(Note: This guest blog is by Ilira Ndreu, a Summer Law Clerk in our Tampa office)
In the past few years, the U.S. Virgin Islands have experienced multiples catastrophic hurricanes. These storms have prompted various questions concerning the Virgin Islands, including time limitations that should be considered by policyholders.
Federal Rule of Civil Procedure 4(m) outlines the timing requirements for service of process. Rule 4(m) says:
If a defendant is not served within 90 days after the complaint is filed, the court—on motion or on its own after notice to the plaintiff—must dismiss the action without prejudice against that defendant or order that service be made within a specified time. But if the plaintiff shows good cause for the failure, the court must extend the time for service for an appropriate period.
The Superior Court of the Virgin Islands has its own set of rules. However, U.S.V.I. Superior Court Rule 27 says “summons and process shall be served in the same manner as required to be served by Rule 4 of the Federal Rules of Civil Procedure.”1 This means that in the U.S. Virgin Islands, a plaintiff has ninety days after they file their complaint to serve the defendants.2
Generally, before a court may dismiss a complaint against a party for lack of service, it must consider whether good cause exists to extend the 90-day time limit for service.3 In determining good cause, there are four factors courts will generally consider:
- The reasonableness of the plaintiff’s efforts to effect service;
- prejudice to the defendant because of untimely service;
- whether the plaintiff has moved for an enlargement of time; and
- whether the statute of limitations will bar the plaintiff’s claims if the action is dismissed.4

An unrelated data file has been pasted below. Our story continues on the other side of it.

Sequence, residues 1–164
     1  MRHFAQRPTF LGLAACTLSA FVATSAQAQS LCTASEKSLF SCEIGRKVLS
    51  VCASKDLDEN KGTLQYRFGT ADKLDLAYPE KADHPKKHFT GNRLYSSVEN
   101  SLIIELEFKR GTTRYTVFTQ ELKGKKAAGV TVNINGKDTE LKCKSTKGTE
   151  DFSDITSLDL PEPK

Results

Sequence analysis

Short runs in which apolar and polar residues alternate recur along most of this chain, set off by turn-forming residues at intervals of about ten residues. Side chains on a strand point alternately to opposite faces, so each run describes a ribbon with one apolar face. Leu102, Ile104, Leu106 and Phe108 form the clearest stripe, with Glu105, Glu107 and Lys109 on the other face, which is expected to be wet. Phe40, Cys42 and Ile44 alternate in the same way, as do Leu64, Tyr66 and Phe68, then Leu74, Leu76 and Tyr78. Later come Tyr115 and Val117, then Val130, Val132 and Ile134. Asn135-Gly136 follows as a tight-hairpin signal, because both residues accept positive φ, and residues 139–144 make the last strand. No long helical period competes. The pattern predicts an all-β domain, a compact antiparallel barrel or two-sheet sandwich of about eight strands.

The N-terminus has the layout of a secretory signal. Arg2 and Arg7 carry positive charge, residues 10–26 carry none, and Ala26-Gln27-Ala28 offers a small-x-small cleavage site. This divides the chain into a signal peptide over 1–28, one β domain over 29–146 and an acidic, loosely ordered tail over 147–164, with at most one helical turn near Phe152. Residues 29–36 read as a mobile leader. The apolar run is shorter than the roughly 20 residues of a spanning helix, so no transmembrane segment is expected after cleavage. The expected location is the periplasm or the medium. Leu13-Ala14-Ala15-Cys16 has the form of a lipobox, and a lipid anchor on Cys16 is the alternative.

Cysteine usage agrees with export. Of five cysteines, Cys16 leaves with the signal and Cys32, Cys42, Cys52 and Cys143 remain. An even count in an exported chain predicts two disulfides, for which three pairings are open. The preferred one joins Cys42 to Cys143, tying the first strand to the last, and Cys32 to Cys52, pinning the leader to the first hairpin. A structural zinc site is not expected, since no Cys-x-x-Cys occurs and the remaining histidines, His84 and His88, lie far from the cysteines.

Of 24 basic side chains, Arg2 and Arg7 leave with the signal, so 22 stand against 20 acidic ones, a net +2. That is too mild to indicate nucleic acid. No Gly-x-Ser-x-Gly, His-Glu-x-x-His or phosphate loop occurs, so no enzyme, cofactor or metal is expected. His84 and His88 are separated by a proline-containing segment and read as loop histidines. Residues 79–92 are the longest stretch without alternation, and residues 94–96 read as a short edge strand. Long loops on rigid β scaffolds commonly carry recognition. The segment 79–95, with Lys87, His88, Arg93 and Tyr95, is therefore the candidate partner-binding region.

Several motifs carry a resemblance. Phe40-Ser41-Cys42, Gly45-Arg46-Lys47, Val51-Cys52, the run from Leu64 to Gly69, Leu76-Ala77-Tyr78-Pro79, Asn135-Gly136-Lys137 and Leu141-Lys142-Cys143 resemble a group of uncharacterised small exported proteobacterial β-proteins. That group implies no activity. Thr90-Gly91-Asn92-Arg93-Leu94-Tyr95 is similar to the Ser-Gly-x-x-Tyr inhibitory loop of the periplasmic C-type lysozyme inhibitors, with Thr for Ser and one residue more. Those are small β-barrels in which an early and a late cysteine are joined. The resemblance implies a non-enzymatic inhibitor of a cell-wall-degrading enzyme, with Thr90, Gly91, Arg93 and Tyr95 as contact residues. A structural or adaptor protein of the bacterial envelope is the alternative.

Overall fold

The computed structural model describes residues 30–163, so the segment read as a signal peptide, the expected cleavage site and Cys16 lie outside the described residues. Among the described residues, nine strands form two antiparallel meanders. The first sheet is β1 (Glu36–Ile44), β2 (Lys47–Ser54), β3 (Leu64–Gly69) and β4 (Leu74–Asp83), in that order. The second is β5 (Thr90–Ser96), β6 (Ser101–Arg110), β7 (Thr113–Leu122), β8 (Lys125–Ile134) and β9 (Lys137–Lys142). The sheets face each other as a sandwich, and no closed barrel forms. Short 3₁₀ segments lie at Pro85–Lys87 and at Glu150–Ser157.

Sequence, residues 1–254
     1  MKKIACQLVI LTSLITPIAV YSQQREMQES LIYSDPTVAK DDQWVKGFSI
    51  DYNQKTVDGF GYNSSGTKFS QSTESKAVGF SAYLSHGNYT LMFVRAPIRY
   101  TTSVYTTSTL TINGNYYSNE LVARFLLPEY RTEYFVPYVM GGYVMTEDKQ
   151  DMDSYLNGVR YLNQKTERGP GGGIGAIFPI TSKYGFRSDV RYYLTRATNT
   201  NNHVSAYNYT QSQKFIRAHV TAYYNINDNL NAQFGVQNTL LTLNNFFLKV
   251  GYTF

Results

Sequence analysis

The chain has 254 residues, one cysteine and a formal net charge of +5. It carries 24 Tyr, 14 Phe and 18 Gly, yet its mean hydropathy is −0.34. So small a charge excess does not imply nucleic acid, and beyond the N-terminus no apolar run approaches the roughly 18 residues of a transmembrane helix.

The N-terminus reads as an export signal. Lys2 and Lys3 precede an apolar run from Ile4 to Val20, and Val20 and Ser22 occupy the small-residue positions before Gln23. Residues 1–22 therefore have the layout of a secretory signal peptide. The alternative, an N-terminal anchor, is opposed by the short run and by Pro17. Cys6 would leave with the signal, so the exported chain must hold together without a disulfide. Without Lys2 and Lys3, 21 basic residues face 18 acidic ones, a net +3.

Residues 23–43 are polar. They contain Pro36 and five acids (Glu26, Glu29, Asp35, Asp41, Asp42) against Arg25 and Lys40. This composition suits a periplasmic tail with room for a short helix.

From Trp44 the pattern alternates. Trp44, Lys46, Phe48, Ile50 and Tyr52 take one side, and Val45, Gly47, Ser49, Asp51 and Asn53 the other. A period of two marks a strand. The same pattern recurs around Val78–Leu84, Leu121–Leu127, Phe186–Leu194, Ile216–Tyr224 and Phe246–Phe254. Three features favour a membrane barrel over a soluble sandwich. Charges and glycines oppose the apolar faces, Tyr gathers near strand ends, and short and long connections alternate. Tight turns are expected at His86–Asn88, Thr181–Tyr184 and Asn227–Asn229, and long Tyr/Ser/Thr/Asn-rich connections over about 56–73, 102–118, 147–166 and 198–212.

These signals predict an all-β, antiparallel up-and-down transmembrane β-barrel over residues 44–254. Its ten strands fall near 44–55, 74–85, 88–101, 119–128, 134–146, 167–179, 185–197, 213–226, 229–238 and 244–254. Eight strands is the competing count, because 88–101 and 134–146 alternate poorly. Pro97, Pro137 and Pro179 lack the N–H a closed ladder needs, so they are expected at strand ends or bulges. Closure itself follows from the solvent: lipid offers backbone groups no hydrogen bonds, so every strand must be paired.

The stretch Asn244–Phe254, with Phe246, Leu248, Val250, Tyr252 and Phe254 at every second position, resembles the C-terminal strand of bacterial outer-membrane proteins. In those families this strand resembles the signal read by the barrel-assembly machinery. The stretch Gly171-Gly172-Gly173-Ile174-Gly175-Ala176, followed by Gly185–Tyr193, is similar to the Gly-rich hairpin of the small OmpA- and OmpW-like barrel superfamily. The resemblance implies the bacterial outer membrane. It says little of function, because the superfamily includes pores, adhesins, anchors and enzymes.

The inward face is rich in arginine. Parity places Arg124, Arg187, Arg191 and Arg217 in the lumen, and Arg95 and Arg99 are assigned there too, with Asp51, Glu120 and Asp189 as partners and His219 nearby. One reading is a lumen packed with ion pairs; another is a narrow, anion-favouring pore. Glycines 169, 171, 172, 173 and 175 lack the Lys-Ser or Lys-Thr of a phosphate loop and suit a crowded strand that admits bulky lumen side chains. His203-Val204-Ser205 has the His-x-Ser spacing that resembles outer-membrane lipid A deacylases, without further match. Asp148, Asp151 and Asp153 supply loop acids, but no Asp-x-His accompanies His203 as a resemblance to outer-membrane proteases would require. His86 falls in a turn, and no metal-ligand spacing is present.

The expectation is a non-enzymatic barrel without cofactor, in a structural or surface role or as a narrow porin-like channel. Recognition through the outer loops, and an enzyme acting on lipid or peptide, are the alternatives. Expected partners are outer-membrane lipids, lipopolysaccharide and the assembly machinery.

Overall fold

In all instances, however, “it is the plaintiff’s burden to show good cause.”5
However, even if good cause is lacking, the court can extend the time to effectuate proper service.6 How courts approach situations in which service is not accomplished within ninety days changed in 1993.7 After 1993, the court was given the discretion to either dismiss the case or extend the time period for service when there is no showing of good cause.8 In this respect, the court can permit an extension even if there is no ‘good cause’ to explain why service was not timely completed.9 Strict adherence to the deadline is unwarranted if a party is served, but just served late.10
If the defendant cannot show that they were harmed by the untimely service of process, then presumably, all that would be gained from a dismissal would be that the plaintiff would file an identical complaint. If the court finds that dismissing the complaint would not be productive and would cause unnecessary expense, there is a possibility the court would deny the defendant’s motions to dismiss pursuant to Rule 4(m).11
This is good news for policyholders in the Virgin Islands. After being struck by a hurricane, policyholders are still in survival mode as they deal with the lingering psychological and physical damage. As the policyholders continue to rebuild, it is easy for legal deadlines to pass by, forcing them to deal with yet another issue with their insurance company.
1 Hurtault v. Hess Oil V.I Corp., SX-05-CV-791, 69 V.I., 2018 V.I LEXIS 114, at *9, 2018 WL 5304550 (V.I Super. Ct. Oct. 24, 2018).
2 See Fed. R. Civ. P. 4(m) (2006 ed.); cf. V.I R. Civ. P. 4(m).
3 McKenzie v. Hess Oil V.I. Corp., 70 V.I. 210 (Super. Ct. 2019).
4 Sanchez v. United States, 2016 U.S. Dist. LEXIS 20316, at *4-5 (D.V.I. Feb. 19, 2016).
5 Beachside Assocs., LLC v. Fishman, 53 V.I. 700, 713 (V.I. 2010).
6 McKenzie, 70 V.I. at 210. Frazier-Alexis v. Superior Court of the V.I., 2019 U.S. Dist. LEXIS 58664, at *7 (D.V.I. Apr. 3, 2019).
7 Charles v. Woodley, 47 V.I. 202 (Super. Ct. 2005).
10 McKenzie, 70 V.I. at 210.
11 Vax v. Comm’r of Int. Rev. Serv., 156 F.R.D. 272, 274 (N.D. Ga. 1994).